The digital marketing landscape is a vastly changing one and in recent years we have seen two trends emerge almost simultaneously: Real-Time-Bidding (RTB) has taken off and completely changed the face of digital advertising, and the rise of mobile has forever altered user’s interaction with digital content.
Now the two strolling along hand-in-hand would seem like a no brainer but it isn’t as easy a match as we’d imagine and here’s why: Firstly what constitutes mobile? Are we talking feature phones, smartphones, laptops with a 3G card or tablets? All these devices are streets apart in underlying function so let’s simplify it and assume we are only dealing with mobile phones, in this regard we’ll still be faced with two scenarios: Ads being injected into mobile applications and Ads being injected into a website viewed on a mobile browser.
RTB ads inside a mobile application
In this scenario ads get rendered and displayed within a mobile application. The whole concept of bidding real-time as a page loads is still taken into account but with one major downside – no cookies. Cookies are basically the heart that makes RTB engines beat and without historical data RTB is rendered ineffective. Obviously what is required is some form of unique identifier that will allow ad exchanges to solve the user identity problem, allowing data driven targeting at a much more specific level yet still protecting user privacy.
RTB ads within a mobile browser
RTB works fairly well within a mobile browser, cookies are used to allow data driven ads to be delivered and websites will generally recognize that you’re on a mobile browser and format an ad to nicely fit your screen. What is totally mind-boggling and obviously a massive disadvantage is the lack of dedicated mobile specific ad sizes within the major ad exchanges such as Google, Rubicon and Pubmatic.
Sure they support the 320×50 ad size but that is very limited to smart devices and doesn’t resize proportionately to the other IAB standard mobile ad sizes 300×50, 216×36, 168×28 and 120×20. Another limitation when comparing mobile to web is the use of single sign-on. This is obviously vital for users to be recognized effectively and allowing data driven ads to be delivered across multiple devices.
On mobile phones in particular, many browsers don’t support the use of single sign-on and on the devices that do users often don’t use this functionality as the don’t rely on their browsers for multiple functions such as email, social media, streaming services, etc. This is mainly due to the fact that mobile apps are more popular for the use of these services.
I mentioned that cookies are used to deliver data driven advertising down to mobile devices but cookies expire and it seems like a missed opportunity when you’re dealing with something as personal as a mobile device, as mentioned in the previous scenario a more permanent unique identifier would be much more beneficial.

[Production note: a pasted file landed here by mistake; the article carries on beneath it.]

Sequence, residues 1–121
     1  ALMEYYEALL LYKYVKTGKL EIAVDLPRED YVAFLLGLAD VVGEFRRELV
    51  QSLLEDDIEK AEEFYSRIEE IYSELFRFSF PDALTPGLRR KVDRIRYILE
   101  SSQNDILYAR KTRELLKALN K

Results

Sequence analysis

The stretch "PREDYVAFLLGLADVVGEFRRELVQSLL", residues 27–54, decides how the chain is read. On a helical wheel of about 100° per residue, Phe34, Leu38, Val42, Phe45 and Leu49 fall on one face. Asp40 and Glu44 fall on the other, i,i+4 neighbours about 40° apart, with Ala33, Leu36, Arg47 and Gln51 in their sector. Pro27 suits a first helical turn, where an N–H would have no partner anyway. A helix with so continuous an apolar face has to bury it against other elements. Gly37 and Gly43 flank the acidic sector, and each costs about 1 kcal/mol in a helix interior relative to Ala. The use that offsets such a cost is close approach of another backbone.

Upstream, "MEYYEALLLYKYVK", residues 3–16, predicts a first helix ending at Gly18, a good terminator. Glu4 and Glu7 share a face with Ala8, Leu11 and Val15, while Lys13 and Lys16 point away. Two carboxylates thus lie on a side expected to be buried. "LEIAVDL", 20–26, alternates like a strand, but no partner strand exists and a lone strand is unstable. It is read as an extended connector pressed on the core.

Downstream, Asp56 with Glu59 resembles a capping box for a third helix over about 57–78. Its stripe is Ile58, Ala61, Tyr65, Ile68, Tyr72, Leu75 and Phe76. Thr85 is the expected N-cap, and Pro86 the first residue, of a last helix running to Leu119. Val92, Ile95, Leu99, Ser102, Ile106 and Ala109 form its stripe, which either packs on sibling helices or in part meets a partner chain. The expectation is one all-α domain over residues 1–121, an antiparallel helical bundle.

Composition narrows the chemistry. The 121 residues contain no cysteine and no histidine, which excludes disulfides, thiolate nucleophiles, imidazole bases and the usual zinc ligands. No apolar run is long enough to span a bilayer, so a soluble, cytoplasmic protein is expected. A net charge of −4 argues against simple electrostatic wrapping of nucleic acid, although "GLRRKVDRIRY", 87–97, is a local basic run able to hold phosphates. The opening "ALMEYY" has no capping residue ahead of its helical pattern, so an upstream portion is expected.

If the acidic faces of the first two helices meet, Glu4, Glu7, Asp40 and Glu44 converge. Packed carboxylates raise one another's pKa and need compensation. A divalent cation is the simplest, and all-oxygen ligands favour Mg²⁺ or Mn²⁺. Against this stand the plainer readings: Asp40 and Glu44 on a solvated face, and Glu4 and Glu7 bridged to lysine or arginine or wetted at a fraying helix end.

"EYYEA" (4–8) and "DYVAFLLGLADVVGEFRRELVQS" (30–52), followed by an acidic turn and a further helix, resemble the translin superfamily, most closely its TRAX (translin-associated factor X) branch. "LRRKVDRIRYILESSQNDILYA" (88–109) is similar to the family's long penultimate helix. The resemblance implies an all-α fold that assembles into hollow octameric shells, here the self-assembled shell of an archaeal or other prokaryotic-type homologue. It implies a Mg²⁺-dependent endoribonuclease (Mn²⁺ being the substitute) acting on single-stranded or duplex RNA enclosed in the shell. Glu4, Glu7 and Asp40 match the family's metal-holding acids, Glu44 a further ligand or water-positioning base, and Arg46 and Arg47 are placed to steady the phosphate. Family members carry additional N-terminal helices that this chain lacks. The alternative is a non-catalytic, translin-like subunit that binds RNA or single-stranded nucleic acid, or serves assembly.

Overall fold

It’s at this point in the article that things get positive. At Shinka we work very closely with Mxit and have a great relationship with them as their official sales house. Mxit, as an application is really unique in the sense that is sits between being a mobile application and a mobi site, what gives Mxit so much advertising potential is how easily it can be to get around the limitations mentioned in my earlier scenarios. Firstly a unique identifier, Mxit has several parameters that can be used to uniquely identify users.
Secondly cookies: Mxit supports cookies (at least on the Mobi-Portal API) but who needs cookies when you can use a unique identifier that doesn’t expire? Lastly, cross device user detection, once again Mxit provides a unique identifier that allows user detection no matter what device they login from. This is just the tip of the iceberg, there’s heaps of other data and analytics that could be used by a Data Management Platform to push into Demand-Side Platforms that would allow effective and relevant audience segmentation and retargeting.
Advertising on mobile portals is a bit of a catch-22 for portal publishers because on one hand it offers fantastic revenue opportunities but on the other it can affect user experience, publishers need more users to generate more traffic but users won’t want to come to a portal if they feel they are being bombarded by advertising. Nobody wants advertising to be intrusive and to negatively affect user experience but by ensuring ads are relevant and targeted to the right audience it’s a win-win situation for both users and publishers.
Currently there are two technical roadblocks that we need to get around to ensure an effective RTB solution would run within Mxit: Firstly, the potential latency from making an Ad request to global data centers and the time in milliseconds required for RTB to take place and an Ad to be delivered. The biggest roadblock however, will be ensuring Ad exchanges see Mxit traffic as relevant mobile traffic, but at the end of the day successful campaigns are measured in good conversions and conversions don’t lie.
Kevin Dayton is co-founder of Shinka.
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